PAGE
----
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12 Possible Reasons Your Credit Card Application Was Denied

Explanations for a Denied Credit Card Application


If you’ve had a credit card application denied, you’re probably wondering why. The credit card company rarely tells you on the spot why your credit card application was denied. Instead, they send a letter, an adverse action letter, within 7-10 business days of your application. The adverse action letter will give you the specific reason your credit card application was denied. While you’re waiting to get your letter, here are some possible reasons your credit card application could be denied.

1. Your loan balances are too high.

woman sitting on sofa reading bills
Blend Images - Jose Luis Pelaez Inc/Brand X Pictures/Getty Images
If you haven’t been lowering your loan balances, credit card issuers are hesitant to give you a credit card because you may not pay that off either. Before you apply for a credit card, pay off some of your existing loan balances.

2. Your credit card balances are too high.

Credit card companies want to see that you’re only using a portion of the credit that’s available to you. If you’re using too much of your available credit, especially if you’re maxed out, you can count on having your credit card application denied.

3. There are too many inquiries on your credit report.

Applying for too many credit cards and loans within a short period of time can get your credit card application denied, regardless of whether you’re approved for the other credit cards. Minimize your inquiries to improve your chances at getting your next credit card application approved.

4. Your income is too low.

Income limits vary by credit card issuer. Your credit card application could be denied if you don’t make enough money for that particular credit card. Seldom do credit card issuers publish minimum income requirements for their credit cards, so it’s up to you to estimate which credit cards fit your income.

5. You have too many credit cards.

The number of credit cards you have can influence whether your credit card application is denied. There’s no universal number that applies to all credit card applications. Instead, it varies by credit card issuer.

6. You have a recent collection or public record.

As time goes on, collections and public records affect your credit less. However, when these negative items first appear on your credit report, they hurt your credit score most. These serious delinquencies are a sign to the credit card company that you don’t have enough money to meet your financial obligations.

7. Your last delinquency was too recent.

Credit card issuers not only look at the type of delinquency, they also consider how long it’s been since you were last delinquent. A 90-day late payment from six years ago won’t hurt as badly as one from six months ago.

8. You have a charge-off on your credit report.

A charge-off is a credit card balance that went unpaid for six months or more. It’s one of the worst things that can appear on your credit report. Honestly, if you failed to pay another credit card, a new credit card company will hesitate to give you a credit card. Paying the charged-off balance will improve your chances at getting approved.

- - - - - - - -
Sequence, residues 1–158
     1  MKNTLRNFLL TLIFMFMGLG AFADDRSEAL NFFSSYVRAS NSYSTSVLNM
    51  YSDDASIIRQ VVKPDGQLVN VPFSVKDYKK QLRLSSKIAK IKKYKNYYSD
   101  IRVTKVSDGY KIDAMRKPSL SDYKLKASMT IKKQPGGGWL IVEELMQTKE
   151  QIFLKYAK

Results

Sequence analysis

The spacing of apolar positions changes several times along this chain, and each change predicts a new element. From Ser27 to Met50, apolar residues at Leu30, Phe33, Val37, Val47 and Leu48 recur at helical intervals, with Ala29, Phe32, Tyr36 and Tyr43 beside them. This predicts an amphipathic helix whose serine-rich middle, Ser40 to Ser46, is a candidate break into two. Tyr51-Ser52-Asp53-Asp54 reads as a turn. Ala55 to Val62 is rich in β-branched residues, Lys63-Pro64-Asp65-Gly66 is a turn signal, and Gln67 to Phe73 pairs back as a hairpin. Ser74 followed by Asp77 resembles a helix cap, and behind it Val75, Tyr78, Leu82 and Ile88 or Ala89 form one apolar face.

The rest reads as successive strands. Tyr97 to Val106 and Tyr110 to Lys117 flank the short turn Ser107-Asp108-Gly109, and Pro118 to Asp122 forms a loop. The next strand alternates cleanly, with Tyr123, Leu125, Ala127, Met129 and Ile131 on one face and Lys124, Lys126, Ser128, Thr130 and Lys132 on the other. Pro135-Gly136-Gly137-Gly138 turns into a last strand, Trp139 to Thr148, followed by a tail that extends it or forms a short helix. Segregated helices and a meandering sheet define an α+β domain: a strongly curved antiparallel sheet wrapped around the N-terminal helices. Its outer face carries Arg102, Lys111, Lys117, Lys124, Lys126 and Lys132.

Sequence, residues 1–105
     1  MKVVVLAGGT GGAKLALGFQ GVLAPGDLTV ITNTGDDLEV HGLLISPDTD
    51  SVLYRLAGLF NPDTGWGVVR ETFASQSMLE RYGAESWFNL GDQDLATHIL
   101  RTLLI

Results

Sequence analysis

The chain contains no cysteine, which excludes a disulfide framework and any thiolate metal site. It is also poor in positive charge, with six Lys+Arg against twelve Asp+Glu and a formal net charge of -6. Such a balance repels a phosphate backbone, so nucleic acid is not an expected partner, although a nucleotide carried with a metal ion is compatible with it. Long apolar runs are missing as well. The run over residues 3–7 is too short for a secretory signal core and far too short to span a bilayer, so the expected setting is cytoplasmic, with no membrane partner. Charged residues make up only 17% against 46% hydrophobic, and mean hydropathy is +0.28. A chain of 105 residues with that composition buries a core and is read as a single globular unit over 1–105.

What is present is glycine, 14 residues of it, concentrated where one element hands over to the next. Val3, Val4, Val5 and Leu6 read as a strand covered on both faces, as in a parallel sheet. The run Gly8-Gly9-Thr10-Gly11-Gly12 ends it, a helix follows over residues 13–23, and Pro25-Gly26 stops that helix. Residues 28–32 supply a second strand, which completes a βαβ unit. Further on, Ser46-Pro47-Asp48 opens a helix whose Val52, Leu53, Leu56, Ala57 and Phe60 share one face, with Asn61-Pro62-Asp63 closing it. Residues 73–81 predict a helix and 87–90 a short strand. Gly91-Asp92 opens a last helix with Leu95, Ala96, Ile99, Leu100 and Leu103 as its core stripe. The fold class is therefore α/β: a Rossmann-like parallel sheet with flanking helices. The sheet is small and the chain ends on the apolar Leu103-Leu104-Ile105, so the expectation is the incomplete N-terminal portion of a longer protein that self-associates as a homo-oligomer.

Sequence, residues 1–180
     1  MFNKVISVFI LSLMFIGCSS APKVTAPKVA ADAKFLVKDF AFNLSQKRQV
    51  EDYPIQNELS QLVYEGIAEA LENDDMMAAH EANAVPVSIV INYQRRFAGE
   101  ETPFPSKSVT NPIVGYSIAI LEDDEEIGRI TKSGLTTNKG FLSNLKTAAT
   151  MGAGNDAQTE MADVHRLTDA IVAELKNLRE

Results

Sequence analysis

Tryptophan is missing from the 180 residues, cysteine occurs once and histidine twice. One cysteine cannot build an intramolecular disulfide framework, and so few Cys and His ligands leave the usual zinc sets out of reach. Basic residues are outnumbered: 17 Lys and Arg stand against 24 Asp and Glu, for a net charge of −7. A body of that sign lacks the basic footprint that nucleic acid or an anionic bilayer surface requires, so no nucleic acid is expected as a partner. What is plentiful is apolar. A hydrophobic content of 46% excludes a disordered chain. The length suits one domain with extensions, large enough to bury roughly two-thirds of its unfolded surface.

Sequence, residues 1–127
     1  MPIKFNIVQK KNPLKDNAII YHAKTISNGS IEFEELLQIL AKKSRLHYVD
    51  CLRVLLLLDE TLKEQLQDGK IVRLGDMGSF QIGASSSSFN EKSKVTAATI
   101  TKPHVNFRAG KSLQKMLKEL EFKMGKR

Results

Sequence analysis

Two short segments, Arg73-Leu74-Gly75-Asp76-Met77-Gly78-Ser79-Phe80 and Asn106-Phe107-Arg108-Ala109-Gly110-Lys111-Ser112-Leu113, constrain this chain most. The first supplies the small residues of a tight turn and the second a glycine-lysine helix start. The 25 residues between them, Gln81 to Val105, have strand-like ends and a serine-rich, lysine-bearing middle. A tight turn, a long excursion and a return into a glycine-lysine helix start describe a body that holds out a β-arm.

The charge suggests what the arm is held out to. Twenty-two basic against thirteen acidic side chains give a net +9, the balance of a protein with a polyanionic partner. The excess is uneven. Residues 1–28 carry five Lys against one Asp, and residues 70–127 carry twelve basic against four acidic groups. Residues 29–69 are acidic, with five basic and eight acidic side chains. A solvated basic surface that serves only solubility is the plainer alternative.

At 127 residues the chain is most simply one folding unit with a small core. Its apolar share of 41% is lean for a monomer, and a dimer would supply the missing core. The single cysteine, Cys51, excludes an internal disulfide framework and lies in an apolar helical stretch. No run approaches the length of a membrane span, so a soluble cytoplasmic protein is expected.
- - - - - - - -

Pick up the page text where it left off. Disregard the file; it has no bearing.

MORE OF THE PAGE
9. You have a thin file or limited credit history.

Having little or no experience with credit could result in a denied credit card application. If you don’t have at least one account that’s been active in the past six months, FICO can’t generate a credit score for you. Without a credit score, the credit card company can’t approve your application.

10. You're not old enough to get a credit card.

If you’re under age 18, you’ll probably have your credit card application denied. There are some exceptions, for example, if you’ve already been added as an authorized user to your parents’ credit card. Even young adults under 21 can be denied if they don’t have income or a co-signer.

11. You didn't completely fill out the application.

If your application is missing vital information, you risk being denied. The good thing about most online credit card applications is that they often won’t let you submit the application until it’s complete. That way, you eliminate the risk of having your credit card application denied because it wasn’t complete.

12. You haven't been at your current job long enough.

An unstable work history could have your credit card application denied. Credit card issuers like applicants who have been on their job consistently. If you’ve been job-hopping and have periods of unemployment, you may have a hard time getting approved for a credit card.

Improve Your Credit Before the Next Application

The adverse action letter will include instructions for ordering a free copy of your credit report, if something on your credit report led to your application's denial. Order the credit report and review it for any errors. Dispute errors with the credit bureau if you find any. Otherwise, use this free credit report as an opportunity to repair your credit before your next credit card application.

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